It has been well established that schools and families must work together to ensure academic and literacy success for all children. Educators understand the importance of creating a learning connection between families and schools. Families provide teachers with increased knowledge of students. Teachers also recognize the importance of building on the learning events occurring in students' homes and communities. However, in practice, partnerships are not easily established. Often teachers are not prepared to effectively reach out to families nor are families and schools prepared to effectively work together. There are many constraints in forming home-school partnerships and the added challenges of creating partnerships with families of children struggling with literacy development are even more difficult. Often teachers and families find themselves on opposite sides, facing similar challenges, looking for a way to connect. Families of children struggling to acquire literacy skills are often faced with many challenges other families never experience. For teachers, trying to reach out to these families and form partnerships is equally challenging. Bridges enable connections to be made between people and ideas and allow passage from one side to another. This book describes five principles to guide teachers in working with families of struggling readers. With examples from the field, tools to put into practice, and extensive resources lists, teachers will expand their understanding of family engagement. This book is an important resource for pre-service and in-service teachers who are eager to engage more sensitively and effectively with families, particularly those whose children have struggled with literacy.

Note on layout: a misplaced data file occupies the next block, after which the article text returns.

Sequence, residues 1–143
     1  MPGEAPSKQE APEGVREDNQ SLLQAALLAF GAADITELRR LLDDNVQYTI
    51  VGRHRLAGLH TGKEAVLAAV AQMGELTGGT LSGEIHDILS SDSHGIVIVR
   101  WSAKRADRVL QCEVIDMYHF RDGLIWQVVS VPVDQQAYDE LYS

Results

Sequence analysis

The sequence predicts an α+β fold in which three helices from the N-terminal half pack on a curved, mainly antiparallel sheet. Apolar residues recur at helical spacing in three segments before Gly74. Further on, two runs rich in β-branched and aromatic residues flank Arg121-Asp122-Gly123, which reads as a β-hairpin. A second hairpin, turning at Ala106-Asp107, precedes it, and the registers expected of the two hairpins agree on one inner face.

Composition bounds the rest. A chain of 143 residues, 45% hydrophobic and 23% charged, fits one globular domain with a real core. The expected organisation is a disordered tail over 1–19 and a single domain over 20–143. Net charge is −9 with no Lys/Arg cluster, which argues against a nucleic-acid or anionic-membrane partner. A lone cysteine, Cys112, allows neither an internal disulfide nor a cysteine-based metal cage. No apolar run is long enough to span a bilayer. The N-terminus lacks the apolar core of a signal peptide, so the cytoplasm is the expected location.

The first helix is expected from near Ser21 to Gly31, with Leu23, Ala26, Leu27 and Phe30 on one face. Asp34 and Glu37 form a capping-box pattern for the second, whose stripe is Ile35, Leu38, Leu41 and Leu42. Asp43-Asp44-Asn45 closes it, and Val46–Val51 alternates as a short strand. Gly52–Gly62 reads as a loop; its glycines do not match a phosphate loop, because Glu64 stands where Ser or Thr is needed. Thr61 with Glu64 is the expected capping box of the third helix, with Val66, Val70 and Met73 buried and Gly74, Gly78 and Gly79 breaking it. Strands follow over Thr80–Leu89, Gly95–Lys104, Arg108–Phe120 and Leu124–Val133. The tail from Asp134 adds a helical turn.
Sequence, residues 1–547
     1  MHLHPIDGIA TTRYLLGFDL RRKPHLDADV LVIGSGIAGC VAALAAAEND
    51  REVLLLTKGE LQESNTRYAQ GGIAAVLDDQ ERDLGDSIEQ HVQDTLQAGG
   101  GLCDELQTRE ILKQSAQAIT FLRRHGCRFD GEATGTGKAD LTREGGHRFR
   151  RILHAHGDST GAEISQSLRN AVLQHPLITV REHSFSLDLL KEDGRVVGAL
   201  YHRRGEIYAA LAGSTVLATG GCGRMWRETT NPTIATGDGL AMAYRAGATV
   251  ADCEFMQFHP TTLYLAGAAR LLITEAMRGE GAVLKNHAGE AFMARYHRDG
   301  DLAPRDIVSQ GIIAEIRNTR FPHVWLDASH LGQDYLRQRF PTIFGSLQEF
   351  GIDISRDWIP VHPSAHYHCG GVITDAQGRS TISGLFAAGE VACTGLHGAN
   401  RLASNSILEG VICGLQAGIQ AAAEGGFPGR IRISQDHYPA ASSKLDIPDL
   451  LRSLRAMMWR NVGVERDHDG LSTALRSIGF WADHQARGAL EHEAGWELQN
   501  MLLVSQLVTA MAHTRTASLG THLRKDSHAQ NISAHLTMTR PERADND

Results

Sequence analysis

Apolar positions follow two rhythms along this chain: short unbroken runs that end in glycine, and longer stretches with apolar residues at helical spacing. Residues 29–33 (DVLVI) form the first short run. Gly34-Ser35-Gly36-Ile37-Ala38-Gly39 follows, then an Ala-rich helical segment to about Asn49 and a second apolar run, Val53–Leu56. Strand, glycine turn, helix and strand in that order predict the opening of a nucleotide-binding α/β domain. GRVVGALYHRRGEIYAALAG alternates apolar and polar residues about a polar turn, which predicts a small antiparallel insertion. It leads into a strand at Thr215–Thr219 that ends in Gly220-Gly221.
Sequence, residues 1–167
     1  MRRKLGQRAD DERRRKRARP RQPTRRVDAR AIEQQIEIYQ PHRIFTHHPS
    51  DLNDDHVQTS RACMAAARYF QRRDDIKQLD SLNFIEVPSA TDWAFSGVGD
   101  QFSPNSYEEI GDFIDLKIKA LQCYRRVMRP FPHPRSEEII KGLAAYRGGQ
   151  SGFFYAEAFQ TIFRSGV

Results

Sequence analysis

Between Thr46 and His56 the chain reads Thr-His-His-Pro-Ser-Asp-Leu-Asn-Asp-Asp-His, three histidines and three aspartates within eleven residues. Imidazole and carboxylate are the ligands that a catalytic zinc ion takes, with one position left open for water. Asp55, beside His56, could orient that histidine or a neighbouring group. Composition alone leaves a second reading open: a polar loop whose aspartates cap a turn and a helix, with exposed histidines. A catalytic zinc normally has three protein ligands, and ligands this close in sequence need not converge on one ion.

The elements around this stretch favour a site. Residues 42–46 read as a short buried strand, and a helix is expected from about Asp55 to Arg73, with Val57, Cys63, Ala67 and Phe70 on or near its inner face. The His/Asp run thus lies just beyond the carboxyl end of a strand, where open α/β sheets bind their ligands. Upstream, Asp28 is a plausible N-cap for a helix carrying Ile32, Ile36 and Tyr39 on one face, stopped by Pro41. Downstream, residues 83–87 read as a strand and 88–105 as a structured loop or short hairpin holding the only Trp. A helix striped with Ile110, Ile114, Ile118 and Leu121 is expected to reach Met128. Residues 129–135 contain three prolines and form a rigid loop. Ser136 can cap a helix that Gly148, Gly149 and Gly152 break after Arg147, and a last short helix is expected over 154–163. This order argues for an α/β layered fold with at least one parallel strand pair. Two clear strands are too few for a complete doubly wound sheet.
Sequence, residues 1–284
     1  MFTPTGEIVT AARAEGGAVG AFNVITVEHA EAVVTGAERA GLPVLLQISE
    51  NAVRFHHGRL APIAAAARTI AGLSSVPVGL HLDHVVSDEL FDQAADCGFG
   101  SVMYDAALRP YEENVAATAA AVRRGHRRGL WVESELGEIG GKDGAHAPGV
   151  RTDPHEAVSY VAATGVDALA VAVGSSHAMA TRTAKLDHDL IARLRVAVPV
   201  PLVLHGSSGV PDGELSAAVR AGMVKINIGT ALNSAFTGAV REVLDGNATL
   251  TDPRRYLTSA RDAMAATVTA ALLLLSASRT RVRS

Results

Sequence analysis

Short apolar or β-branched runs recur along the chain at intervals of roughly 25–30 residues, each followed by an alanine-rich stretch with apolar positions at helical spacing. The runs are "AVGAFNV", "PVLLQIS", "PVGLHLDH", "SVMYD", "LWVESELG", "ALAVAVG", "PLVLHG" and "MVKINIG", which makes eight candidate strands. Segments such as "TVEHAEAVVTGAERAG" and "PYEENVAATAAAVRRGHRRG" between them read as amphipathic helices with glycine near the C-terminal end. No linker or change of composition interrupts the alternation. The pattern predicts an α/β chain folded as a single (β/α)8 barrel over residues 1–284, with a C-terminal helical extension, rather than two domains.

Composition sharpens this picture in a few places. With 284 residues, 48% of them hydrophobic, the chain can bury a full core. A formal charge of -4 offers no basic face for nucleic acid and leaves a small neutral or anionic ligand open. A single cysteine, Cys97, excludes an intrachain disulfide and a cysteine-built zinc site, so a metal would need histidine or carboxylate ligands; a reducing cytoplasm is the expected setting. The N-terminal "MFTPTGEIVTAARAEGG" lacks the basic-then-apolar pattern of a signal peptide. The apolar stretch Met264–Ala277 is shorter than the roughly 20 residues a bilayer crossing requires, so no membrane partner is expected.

Jennifer Tuten, Associate Professor, Literacy Education at Hunter College, CUNY steaches courses in literacy assessment and intervention and children's literature. She also leads professional development initiatives for teachers in New York City schools.
Deborah Ann Jensen, retired from the Graduate Literacy Program at Hunter College, CUNY, was the founder of their two semester tutoring program for struggling readers. She is now a literacy consultant to afterschool programs in New York City.
Charlene Klassen Endrizzi, Professor of Literacy Education at Westminster College, PA., teaches graduate and undergraduate courses in literacy learning, family-school partnerships and children's literature.